The land around Flin Flon is radically different from the forest and lake scenery. It consists of rocky hills - so rocky that nothing grows, just mounds of rock outcroppings. All those rocks must have got the geologists excited, because the mining operation is enormous, and the power plant to provide enough electricity for the mining seems even bigger. The smoke stack reached up into heaven. The houses are planted between the bare rocks, and the streets wind around like serpents.

As for the name of the town, we quote from the sign: "Flin Flon is named after Josiah Flintabbatey Flonatin, an adventurer in "The Sunless City", a novel by E. Preston-Muddock. In 1914, a copy was found in the wilderness of northern Manitoba by a party of prospectors. A year later, these men working claims near the present site of Flin Flon, came upon a conical hole having rich showing of gold. Tom Creighton, recalling the adventures of Flintabbatey The caricature statue of Flin Flon, wearing a hat, with a backpack, down on one knee, right hand raised to look out, sits on top of a large stone pedestal Flin Flon Flonatin who escaped from an underground lake through a large gold studded hole in the earth's crust, suggested the claims be called Flin Flon. The others agreed and that is how Flin Flon got its name." The adjacent statue was designed by the cartoonist Al Capp.

About 25 miles of highway was not paved, but the locals drove 55 miles an hour anyway! Just outside of Prince Albert we emerged from the forest into farmland; the Great Plains stretch much further north in Saskatchewan than Manitoba.

The Prince Albert tourist brochure shows a photo of a substantial brick house, called The Keyhold Castle, home of local hero Sam McLeod, but it didn't give an address or mark it on the map, and despite a thorough tour through town, past four parks, two schools, the wide, brown Saskatchewan River, and the house of former prime minister Diefenbaker, we never did find out about Sam McLeod or see his house! We did spot a nifty new McDonalds with a two-story rounded corner and lots of windows, though.

In northwest Saskatchewan we found patches of farm and ranch land separated by miles of forests. We appreciated a huge stand of birches, which are the official trees of Saskatchewan. In contrast to much of the coniferous forest we've been seeing, the birches looked strong and healthy. In one provincial park the underbrush had been burned, and lots of the coniferous trees, too, or so it seemed, all as part of the Dwarf Mistletoe Control Program, according to the signs. We couldn't make out anything that looked like mistletoe, dwarf or not. Maybe the Program was successful.

Not much to report in the wildlife sighting, though -- just a lonely coyote, and lots of kilometers between gas pumps. We stopped in Meadow Lake for gas, lunch, the chuckwagon races, and a Super 8 motel which had paintings of the southwestern desert on the walls. And of course the friendly Canadians.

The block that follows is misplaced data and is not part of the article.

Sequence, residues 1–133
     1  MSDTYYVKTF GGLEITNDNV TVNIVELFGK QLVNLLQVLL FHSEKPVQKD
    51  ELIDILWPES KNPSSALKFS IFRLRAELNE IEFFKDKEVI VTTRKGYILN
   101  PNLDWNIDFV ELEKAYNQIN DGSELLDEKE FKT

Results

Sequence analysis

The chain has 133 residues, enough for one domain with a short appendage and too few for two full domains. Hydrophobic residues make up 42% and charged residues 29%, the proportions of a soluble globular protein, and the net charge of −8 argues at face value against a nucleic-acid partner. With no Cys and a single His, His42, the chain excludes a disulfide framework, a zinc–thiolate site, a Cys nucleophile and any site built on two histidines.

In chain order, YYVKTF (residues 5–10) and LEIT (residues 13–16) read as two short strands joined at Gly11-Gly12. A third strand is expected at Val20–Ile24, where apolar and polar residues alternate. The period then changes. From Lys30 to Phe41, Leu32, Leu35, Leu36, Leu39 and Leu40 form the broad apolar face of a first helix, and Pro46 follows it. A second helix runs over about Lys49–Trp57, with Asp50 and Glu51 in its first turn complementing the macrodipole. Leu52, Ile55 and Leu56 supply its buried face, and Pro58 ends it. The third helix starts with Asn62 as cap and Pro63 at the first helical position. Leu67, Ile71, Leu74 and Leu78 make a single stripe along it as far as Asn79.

Canadians from Manitoba and Saskatchewan are envious of Alberta. It has all the money, they say, and all the attention from Ottawa (except, of course, for all the attention paid to Ontario). Alberta, say the Canadians, is rich. We did see the occasional oil or gas well, but we met a farmer at lunch in a Chinese restaurant who put us straight. He had worked for years in the Saudi oil fields, met a school teacher, and retired to a gentleman's farm. He said the Canadians only get surface rights for the wells; the rest of the royalties go to the government.

But the farming business is subject to the whims of nature, and the Alberta fields appeared patchy and brown. Despite the thousands of lakes, most In a small park stand three huge light brown mushroom statues, perhaps providing shade for those sitting around on park benches. World's Tallest Mushroom of these fields are not irrigated, and the low rainfall this summer caused many farmers to lose their crops. We were interested in how many Alberta farmers had shifted to raising game for hunters. We think the game ranch business is sort of like the horse business -- it's economically viable only because there are lots of city folks with money to spend on recreation. We wonder whether it makes any difference to the hunter if the animal is raised on a game farm.

The Lions Club has been busily supporting community parks and services. In Vilma, in the center of the Ukrainian settlement of Alberta, is the World's Tallest Mushroom, contributed by the local Lions Club. Signs invited travelers into town to view the statue, but the town isn't quite ready to receive them. Many of the stores on the short main street are undergoing repair and restoration, Project III (presumably to be finished next year). In the next town, civic pride announced itself in the form of the pumpkin truck.

It started to rain as we approached Edmonton; but the rain was too late to save many farmers' crops, said the paper. It was a welcome relief from the summer heat, though.

We took five easy days from Winnipeg to Edmonton across the northern edge of the settled country. It was relaxing and enjoyable, perhaps a little boring. We reflected on the fact that most Canadians live within 100 miles of the U. S. border, and on the fact that our "northern" route was really kind of southern.